Another frequently asked question: what will graduation mean for my living situation? Well, accommodation is, of now, a medium-term issue rather than an immediate concern because my flat lease lasts until the end of June. For the time being then, I’m in Edinburgh. I certainly would be sad to leave the city if I have to relocate. Glasgow has been talked about. The BBC, cheaper rent, more gigs. I could return to Orkney – there would be work there, for sure, and fewer distractions too for my projects. London holds appeal and beyond that, Europe post-Brexit; dreams of Paris, Copenhagen, Amsterdam, or, heaven forbid, the country whose culture I’ve dedicated myself to for the past four years – I could start a life in Leipzig. Needless to say, here, too, lies a deal of uncertainty, yet it’s a void from which substance shall emerge; the zero is a placeholder and not a numerical null.

My last exam was on Wednesday – literary translation. I managed to emerge unsullied by baking ingredients before decamping to a beer garden where the afternoon was seen out on scalding hot benches under glorious sunshine. There was talk of returning home, teacher training and the durability of student romances now that circumstance was disbanding us, and so the brilliant yellow held a melancholy tinge, despite the dilution of copious Tennent’s.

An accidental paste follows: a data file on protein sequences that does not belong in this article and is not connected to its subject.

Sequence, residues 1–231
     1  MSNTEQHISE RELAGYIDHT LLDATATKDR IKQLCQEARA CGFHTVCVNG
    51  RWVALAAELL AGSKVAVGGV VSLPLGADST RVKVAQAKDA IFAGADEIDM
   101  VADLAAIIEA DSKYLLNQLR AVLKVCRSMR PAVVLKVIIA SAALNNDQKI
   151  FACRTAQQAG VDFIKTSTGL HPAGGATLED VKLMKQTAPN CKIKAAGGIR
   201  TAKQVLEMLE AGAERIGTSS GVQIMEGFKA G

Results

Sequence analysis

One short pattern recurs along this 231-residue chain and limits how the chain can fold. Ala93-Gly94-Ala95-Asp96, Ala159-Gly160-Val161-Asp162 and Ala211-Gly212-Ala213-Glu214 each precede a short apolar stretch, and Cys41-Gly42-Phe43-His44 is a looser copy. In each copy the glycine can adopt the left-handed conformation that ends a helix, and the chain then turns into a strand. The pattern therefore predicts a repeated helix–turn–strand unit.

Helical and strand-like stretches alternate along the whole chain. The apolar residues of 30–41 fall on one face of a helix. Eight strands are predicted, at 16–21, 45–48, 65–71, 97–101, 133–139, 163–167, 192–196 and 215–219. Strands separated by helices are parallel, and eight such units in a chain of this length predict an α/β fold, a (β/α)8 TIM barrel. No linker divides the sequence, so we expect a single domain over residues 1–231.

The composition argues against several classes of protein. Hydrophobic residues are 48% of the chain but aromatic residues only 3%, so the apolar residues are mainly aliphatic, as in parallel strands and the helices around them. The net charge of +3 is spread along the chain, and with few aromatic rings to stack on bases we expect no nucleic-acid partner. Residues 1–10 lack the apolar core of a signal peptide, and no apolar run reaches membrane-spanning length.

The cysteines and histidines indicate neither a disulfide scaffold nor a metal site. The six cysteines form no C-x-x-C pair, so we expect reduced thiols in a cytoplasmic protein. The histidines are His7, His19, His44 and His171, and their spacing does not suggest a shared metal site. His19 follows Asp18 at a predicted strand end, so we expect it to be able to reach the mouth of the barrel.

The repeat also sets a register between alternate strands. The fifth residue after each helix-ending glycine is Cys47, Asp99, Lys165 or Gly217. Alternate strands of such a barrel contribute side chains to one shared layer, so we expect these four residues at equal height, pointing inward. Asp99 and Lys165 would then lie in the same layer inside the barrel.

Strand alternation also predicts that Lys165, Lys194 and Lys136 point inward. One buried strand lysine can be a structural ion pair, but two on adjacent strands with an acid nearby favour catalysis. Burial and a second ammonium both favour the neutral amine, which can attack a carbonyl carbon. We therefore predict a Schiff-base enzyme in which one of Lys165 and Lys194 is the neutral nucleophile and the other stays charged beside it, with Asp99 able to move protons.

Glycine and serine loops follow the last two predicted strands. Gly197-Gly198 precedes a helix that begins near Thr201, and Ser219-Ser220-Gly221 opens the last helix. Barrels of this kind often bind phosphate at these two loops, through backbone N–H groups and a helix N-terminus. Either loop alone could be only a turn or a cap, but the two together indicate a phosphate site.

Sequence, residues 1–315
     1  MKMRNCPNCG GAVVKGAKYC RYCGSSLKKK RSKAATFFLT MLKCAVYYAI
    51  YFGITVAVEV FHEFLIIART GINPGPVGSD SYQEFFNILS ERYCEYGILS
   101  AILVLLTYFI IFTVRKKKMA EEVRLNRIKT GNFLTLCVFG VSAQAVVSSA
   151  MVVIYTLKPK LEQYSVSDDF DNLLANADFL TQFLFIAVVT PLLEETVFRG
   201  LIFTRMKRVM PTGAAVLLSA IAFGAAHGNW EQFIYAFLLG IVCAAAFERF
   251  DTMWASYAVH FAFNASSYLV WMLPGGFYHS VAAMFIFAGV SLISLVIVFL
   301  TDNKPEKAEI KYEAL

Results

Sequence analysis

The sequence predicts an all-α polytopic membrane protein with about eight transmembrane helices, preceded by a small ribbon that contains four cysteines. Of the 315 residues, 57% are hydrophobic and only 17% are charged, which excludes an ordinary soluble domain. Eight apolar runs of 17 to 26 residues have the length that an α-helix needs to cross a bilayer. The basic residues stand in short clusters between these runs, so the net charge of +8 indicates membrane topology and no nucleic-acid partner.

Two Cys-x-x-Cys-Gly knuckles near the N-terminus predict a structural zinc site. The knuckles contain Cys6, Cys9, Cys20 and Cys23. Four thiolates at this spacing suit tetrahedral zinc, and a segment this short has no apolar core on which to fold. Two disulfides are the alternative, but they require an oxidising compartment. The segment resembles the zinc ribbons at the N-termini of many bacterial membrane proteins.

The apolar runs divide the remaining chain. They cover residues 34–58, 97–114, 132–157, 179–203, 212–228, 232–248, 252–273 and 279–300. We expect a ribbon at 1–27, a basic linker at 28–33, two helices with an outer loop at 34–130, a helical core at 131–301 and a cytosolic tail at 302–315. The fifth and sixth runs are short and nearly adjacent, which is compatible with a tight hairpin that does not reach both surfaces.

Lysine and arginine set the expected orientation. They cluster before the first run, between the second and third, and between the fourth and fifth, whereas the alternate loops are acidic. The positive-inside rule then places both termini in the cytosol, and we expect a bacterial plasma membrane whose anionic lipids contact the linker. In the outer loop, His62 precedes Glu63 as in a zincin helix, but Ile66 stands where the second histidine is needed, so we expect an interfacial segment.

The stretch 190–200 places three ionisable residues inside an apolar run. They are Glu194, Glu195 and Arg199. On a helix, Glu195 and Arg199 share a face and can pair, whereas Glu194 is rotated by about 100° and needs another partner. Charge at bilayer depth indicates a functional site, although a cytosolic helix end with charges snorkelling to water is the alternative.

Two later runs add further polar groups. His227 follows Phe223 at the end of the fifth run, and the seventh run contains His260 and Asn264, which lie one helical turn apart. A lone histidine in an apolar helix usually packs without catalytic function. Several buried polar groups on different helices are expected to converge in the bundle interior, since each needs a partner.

After spending many a day holed up in the library, I’d like to devote myself to a better quality of life. That’s already started. Made a nice vegan curry this weekend and went to the gym today, although admittedly it took me a good 20 minutes alone to retrieve finally retrieve my wayward shorts from an obscure corner of the wardrobe after months of neglect.

In the wider world, more important things than my undergraduate career are coming to an end though. Game of Thrones airs its last episode this week. It seems to be rather hurtling towards its conclusion, which is disappointing, but I’ll always be grateful that it exists. My thoughts generally on the matter is that it fell off after the fourth season and never fully recovered, despite some really compelling moments in season six (Battle of the Bastards, The Door). Dialogue and complexity fall to one side in favour of set pieces and stunning visuals, but it does look epic, so there is that. As a book reader, my sights are set on Winds of Winter now, which is sure to be quite a different tale from the fanfiction the show is now embarking on.

It’s a time of transition for all involved. The future is wide open, although I’d like to narrow it down just a little bit if only to be able to answer people’s questions and those I ask of myself.

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Appeasing AfD: precedent for Chemnitz?

About the Nazis though…